In addition, monomeric p61BRAF(V600E/R509H) was sensitive to RAF inhibitors and, in cells ectopically expressing this mutant ERK signaling, was inhibited by vemurafenib. “Thus, the R509H mutation restores sensitivity to the RAF inhibitor by impairing dimerization of p61BRAF(V600E).”
The researchers moved on to analyze tumors from 19 melanoma patients with acquired resistance to vemurafenib. PCR analysis of cDNA from pretreatment tumor samples identified the expected, 2.3 kb sequence that was confirmed to include both BRAF(V600E) and wild-type BRAF transcripts. Conversely two PCR products were identified in six of the post-treatment samples. The shorter of these in each sample was found to encode BRAF(V600E) transcripts that lacked either exons 4–10, exons 4–8 (identical to the variant identified in the resistant cell lines), exons 2–8, or exons 2–10. In contrast, BRAF splicing variants weren’t found in two samples from patients with de novo resistance to vemurafenib or in another 27 melanomas from patients that hadn’t been treated using the drug.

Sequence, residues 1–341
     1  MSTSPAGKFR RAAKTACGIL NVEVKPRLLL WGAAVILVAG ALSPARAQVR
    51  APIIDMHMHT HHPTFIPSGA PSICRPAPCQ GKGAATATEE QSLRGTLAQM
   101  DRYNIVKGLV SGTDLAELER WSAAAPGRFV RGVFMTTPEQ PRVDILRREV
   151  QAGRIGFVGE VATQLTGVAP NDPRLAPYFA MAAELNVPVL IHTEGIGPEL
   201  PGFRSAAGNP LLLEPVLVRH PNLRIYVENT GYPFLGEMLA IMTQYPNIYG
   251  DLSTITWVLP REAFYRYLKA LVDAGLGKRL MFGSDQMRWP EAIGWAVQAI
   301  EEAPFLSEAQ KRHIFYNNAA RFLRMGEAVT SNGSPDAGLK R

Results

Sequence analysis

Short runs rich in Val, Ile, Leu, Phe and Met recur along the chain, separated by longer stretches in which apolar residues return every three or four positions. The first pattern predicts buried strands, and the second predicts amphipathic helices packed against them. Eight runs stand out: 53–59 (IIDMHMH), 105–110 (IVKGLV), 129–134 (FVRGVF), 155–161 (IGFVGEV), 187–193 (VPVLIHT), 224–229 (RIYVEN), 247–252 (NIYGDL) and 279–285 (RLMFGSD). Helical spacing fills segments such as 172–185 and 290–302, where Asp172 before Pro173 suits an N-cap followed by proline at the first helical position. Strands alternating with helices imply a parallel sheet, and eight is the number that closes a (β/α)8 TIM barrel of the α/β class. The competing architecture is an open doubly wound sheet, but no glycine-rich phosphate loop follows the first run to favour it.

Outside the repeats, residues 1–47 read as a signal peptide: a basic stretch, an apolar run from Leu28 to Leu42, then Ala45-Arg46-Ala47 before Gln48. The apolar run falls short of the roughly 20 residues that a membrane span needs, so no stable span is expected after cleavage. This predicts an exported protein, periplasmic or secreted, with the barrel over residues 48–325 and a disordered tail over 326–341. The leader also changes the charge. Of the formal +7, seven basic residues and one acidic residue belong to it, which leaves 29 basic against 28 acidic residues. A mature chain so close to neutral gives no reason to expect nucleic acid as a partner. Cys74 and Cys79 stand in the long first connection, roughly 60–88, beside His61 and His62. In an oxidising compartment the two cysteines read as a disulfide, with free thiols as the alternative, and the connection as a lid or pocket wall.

“The identification of BRAF variants lacking the RAS-binding domain in six of nineteen patients with acquired resistance indicates that this mechanism is clinically important,” the authors conclude. “Expression of BRAF(V600E) splicing variants is the first resistance mechanism identified that involves a structural change in BRAF
“These data support the model that inhibition of ERK signaling by RAF inhibitors is dependent on levels of RAS–GTP too low to support RAF dimerization and identify a novel mechanism of acquired resistance in patients: expression of splicing isoforms of BRAF(V600E) that dimerize in a RAS-independent manner.
The authors note that tumors carrying the BRAF(V600E) splicing variants should still be sensitive to inhibitors of downstream components of the same pathway such as MEK. “Therefore, MEK inhibitors used in combination with vemurafenib could delay or prevent resistance by this mechanism.”